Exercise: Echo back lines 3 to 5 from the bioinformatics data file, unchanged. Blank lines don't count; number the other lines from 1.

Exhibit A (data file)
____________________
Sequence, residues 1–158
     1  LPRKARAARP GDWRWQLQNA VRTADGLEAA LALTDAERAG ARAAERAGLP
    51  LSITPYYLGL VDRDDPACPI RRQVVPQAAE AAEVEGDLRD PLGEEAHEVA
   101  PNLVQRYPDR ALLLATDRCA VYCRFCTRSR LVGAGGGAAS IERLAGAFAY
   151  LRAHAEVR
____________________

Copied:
    51  LSITPYYLGL VDRDDPACPI RRQVVPQAAE AAEVEGDLRD PLGEEAHEVA
   101  PNLVQRYPDR ALLLATDRCA VYCRFCTRSR LVGAGGGAAS IERLAGAFAY
   151  LRAHAEVR